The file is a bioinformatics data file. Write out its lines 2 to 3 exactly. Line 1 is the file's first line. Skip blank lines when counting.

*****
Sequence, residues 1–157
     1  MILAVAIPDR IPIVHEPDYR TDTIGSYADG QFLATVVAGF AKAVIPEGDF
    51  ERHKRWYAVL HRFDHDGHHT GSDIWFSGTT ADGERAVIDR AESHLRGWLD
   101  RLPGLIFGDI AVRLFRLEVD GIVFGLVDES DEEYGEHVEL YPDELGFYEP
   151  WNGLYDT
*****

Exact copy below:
     1  MILAVAIPDR IPIVHEPDYR TDTIGSYADG QFLATVVAGF AKAVIPEGDF
    51  ERHKRWYAVL HRFDHDGHHT GSDIWFSGTT ADGERAVIDR AESHLRGWLD